When you shower, always remember to clean your ears. It’s hard not to say that in your “parenting” voice. Perhaps when you were a child you even recall your parents telling you to do it. That’s the sort of memory that can take you back to simpler times as you wrap yourself in the nostalgia of youth.
But that advice can be pretty helpful. Out-of-control earwax accumulation can cause a substantial number of issues, particularly for your hearing. And on top of that, earwax can solidify inside your ear and become really hard to clean. Bottom line, you’ll be best off keeping those ears clean.
Excessive earwax? Eww!
Earwax is, well, kind of gross. And we’re not going to attempt to change your mind about that. But earwax does have a purpose. Earwax is manufactured by glands in your ears and is then pushed out when you chew in order to keep your ears free of dirt and dust.
So your ears will stay clean and healthy when they produce the right amount of earwax. However counterintuitive it sounds, the truth is that earwax itself isn’t a sign of poor hygiene.
An excessive amount of earwax is where the trouble starts. And it can be somewhat challenging to know if the amount of earwax being created is healthy or too much.
What is the consequence of accumulated earwax?
So, what develops as a result of excess earwax? There are several problems that may arise due to out-of-control earwax or earwax that builds up over time. Here are a few:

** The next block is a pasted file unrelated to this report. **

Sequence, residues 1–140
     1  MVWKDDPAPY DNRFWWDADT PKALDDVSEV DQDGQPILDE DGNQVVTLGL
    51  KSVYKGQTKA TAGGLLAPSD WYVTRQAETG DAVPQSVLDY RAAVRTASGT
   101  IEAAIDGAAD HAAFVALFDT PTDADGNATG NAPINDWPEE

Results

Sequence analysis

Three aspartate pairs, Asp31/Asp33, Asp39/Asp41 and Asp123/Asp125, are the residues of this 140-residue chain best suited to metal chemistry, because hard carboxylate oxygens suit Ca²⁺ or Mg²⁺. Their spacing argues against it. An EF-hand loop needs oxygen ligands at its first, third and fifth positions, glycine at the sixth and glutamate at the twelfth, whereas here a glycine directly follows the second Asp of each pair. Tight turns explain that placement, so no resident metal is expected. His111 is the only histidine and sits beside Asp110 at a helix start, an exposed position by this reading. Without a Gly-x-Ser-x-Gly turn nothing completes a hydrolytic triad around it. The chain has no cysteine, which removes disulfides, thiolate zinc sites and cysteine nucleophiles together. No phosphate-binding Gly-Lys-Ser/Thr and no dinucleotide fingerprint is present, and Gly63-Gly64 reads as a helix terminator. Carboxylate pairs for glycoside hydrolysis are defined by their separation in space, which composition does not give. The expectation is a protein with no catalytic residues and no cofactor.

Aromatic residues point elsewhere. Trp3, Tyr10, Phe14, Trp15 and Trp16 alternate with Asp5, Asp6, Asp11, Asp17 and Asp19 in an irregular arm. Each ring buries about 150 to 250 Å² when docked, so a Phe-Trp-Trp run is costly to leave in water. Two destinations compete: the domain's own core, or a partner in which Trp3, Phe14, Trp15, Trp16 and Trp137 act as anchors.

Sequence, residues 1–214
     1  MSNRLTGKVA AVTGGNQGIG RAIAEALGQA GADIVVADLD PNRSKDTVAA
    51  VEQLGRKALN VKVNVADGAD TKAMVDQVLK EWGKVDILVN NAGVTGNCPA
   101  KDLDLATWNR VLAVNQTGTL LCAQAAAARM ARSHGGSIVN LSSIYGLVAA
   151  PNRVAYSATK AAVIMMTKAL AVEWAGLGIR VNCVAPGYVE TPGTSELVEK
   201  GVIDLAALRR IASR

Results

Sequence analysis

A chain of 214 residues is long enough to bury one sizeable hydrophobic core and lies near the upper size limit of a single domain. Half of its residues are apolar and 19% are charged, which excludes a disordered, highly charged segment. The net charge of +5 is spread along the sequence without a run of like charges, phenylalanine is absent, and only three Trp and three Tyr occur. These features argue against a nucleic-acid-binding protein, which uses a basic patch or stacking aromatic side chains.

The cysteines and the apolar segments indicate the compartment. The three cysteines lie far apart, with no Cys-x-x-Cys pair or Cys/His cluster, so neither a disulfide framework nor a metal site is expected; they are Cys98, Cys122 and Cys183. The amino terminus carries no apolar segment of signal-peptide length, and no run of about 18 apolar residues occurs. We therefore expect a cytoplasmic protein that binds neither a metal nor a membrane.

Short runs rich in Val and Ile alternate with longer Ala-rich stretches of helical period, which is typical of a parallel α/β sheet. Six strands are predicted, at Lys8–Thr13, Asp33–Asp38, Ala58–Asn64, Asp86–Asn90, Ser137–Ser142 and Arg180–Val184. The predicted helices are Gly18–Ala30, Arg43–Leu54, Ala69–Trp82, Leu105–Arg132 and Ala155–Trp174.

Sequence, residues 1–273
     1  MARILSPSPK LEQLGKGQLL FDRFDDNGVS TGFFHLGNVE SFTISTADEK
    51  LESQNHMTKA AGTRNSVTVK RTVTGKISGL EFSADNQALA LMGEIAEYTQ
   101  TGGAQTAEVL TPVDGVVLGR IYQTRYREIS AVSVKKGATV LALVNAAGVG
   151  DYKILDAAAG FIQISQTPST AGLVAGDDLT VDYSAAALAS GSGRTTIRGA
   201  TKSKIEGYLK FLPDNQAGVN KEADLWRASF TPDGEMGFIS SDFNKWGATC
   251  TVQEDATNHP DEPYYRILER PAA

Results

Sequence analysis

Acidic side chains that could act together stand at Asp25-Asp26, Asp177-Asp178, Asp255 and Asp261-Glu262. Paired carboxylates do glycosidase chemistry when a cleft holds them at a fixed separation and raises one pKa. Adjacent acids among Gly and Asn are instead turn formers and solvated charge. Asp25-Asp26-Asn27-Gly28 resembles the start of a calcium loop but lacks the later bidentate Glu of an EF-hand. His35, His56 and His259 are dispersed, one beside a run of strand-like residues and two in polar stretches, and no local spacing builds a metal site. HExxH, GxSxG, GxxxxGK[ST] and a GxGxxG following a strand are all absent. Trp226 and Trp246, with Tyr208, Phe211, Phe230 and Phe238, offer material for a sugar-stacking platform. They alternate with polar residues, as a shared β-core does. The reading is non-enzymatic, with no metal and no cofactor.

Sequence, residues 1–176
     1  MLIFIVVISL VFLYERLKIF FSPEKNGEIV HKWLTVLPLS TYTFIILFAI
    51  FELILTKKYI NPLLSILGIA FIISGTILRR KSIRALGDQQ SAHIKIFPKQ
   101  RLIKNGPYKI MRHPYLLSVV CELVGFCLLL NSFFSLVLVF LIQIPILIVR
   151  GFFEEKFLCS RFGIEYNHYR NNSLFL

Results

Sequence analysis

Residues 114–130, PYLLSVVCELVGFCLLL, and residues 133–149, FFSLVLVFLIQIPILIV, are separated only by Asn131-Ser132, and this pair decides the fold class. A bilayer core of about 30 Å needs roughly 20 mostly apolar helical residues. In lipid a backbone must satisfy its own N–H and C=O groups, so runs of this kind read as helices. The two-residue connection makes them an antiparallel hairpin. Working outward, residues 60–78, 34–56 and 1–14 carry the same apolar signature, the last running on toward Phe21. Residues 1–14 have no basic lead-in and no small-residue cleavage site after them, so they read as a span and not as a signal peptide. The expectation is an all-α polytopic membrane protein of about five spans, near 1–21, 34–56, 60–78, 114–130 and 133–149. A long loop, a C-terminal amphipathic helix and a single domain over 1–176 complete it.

- Infection: Infections can be the consequence of surplus earwax. In some cases, that’s because the earwax can trap fluid where it ought not to be.
- Tinnitus: Tinnitus is an affliction where you hear a phantom buzzing or ringing in your ears. Earwax buildup can cause tinnitus symptoms to worsen or to emerge.
- Dizziness: Your ability to maintain balance depends greatly on your inner ear. You can suffer from episodes of dizziness and balance problems when your inner ear is having issues.
- Earache: An earache is one of the most common signs of excess earwax. It doesn’t have to hurt a lot (though, sometimes it can). This is usually a result of the earwax producing pressure somewhere it shouldn’t.
This list is only the beginning. Ignored earwax can cause painful headaches. Excess earwax can interfere with the functionality of hearing aids. So too much earwax might make you think your hearing aids are malfunctioning.
Can your hearing be affected by earwax?
Well, yes it can. Hearing loss is one of the most prevalent problems linked to excess earwax. When earwax accumulates in the ear canal it causes a blockage of sound causing a kind of hearing loss called conductive hearing loss. The issue normally clears up when the earwax is eliminated, and normally, your hearing will go back to normal.
But there can be long-term damage caused by excess earwax, especially if the buildup gets severe enough. The same is true of earwax-related tinnitus. It’s normally temporary. But the longer the extra earwax sticks around (that is, the longer you ignore the symptoms), the greater the danger of long-term damage.
Prevention, treatment, or both?
If you want to safeguard your hearing, then it seems logical to keep an eye on your earwax. It’s improper cleaning, not excess production that causes buildup in most situations (for instance, blockage is often a result of cotton swabs, which tend to push the earwax further in rather than getting rid of it).
It will usually require professional eradication of the wax that has become solidified to the point that you can’t remove it. The sooner you get that help, the sooner you’ll be capable of hearing again (and the sooner you’ll be able to start cleaning your ears the right way).